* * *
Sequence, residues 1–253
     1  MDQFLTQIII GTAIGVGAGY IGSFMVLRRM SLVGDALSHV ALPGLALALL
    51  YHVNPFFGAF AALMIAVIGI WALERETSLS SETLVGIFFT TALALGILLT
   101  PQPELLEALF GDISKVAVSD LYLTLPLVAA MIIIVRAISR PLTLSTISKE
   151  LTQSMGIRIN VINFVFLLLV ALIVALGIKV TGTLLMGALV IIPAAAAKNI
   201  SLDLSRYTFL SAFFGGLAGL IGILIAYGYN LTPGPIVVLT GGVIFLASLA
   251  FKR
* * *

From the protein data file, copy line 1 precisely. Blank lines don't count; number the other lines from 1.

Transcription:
Sequence, residues 1–253